Excessive barking is a common and frustrating problem. All you have to do is walk around any neighborhood, and you will hear dogs barking everywhere. Of course one of the reasons we have dogs is that they alert us when someone or something unfamiliar enters our property. That is a good thing. But we would like our dogs to only bark appropriately. This article is about how to achieve that.
There are two kinds of barking:
1. alarm barking
2. barking for attention and/or other rewards
Rover barks whenever he sees or hears something he finds threatening or unusual. In this case, Rover’s barking means “go away, stay away or else!” Rover’s barking also means “yo, mom/dad, what are we going to do about this potential threat!?”
Even though dogs have evolved from wolves a long time ago, and are quite different from them, they still have some things in common. Picture a wolf pack lounging around, and suppose a bear is wandering up to their territory. At that point it is the responsibility of the wolf who sees or hears the bear first to sound the alarm.
So when Rover barks when he hears something, in his mind he’s doing his job.
When the wolf parents hear the alarm, they will get up and survey the situation. They will then decide to do one of four things: attack, run away, bark to chase the bear off, or relax if the bear heeded the warning and is moving away. So when Rover barks, he wants a decision from you, his parent.
Here are some mistakes we make:
If you yell at Rover in an aggressive tone, Rover will just think that you are barking at the same thing he’s barking at, and will generally bark more. Rover doesn’t speak any English, and your yelling sounds like barking to him. Have you ever noticed that when one dog starts barking, all dogs around him start barking too. Well, now you’ve joined in the fray as well.
If you don’t do anything, you are confusing Rover as to whom the parental responsibilities belong to. Rover will think “hey, it’s a dirty job, but someone has got to do it. I guess they want me to decide what to do about this threat. I’ll just keep barking, and hopefully the threat will go away.”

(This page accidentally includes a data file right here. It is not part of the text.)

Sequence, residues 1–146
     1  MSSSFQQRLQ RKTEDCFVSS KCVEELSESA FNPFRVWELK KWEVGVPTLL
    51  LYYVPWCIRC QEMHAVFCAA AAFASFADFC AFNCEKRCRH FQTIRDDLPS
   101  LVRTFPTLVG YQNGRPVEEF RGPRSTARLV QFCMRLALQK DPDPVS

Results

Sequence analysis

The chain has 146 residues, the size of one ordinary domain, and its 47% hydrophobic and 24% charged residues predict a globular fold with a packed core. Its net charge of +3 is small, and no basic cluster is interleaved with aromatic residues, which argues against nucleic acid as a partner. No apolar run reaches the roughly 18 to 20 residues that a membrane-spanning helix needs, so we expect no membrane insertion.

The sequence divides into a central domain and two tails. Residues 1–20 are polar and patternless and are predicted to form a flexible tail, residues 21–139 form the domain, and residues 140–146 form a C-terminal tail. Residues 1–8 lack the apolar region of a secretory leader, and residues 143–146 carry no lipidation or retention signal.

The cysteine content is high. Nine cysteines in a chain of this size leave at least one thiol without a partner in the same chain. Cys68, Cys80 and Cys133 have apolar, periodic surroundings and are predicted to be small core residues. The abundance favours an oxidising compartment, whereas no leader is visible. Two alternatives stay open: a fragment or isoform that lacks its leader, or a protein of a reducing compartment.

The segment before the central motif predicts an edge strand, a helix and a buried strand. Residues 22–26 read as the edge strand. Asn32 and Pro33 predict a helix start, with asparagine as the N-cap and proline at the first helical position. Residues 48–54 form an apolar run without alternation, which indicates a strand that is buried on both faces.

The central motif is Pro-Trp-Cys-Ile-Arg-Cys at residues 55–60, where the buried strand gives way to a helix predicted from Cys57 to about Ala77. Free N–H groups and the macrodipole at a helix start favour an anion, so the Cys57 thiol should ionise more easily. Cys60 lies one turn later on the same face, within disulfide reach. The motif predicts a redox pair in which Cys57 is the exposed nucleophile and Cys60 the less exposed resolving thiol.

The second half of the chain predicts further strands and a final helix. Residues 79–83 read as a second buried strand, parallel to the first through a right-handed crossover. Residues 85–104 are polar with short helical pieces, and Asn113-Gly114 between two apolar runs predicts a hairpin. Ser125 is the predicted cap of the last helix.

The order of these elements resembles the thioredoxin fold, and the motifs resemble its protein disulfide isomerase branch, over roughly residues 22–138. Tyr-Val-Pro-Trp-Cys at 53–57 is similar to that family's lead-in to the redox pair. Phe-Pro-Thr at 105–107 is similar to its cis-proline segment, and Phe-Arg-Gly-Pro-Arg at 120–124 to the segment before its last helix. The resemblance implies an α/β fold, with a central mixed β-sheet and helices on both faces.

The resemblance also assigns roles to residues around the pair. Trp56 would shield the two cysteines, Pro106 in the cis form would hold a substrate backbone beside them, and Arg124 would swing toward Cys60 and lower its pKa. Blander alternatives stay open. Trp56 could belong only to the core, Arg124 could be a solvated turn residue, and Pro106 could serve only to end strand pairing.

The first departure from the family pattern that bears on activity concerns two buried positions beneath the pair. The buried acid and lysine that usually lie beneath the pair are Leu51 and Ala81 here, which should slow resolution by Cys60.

Here are some solutions:
When Rover barks, go see what he is barking at, and then when you determine there is no threat, talk to Rover in a happy calm tone of voice. He won’t understand what you are saying, but he’ll respond to your tone. As soon as he stops barking, praise him. If there is someone at your door who scares you too, talk to Rover in a worried agitated tone. That will cause him to continue to alert. You are the parent, you make the decisions as to who is friend and who is foe.
If Rover barks all the time at everything, the best thing to do is to step up his socialization (please see the section on for more information). For instance, sit with Rover at the window and give him a treat every time someone walks by, while talking to him in a happy calm voice. You only need to do this until Rover thinks that people walking by predict good things like treats, and that they are not a threat. It is a parent's responsibility to teach Rover what is safe and what is a threat. It is also very helpful to keep some white noise going in Rover's area to drown out outside noises. There are plenty of apps for that.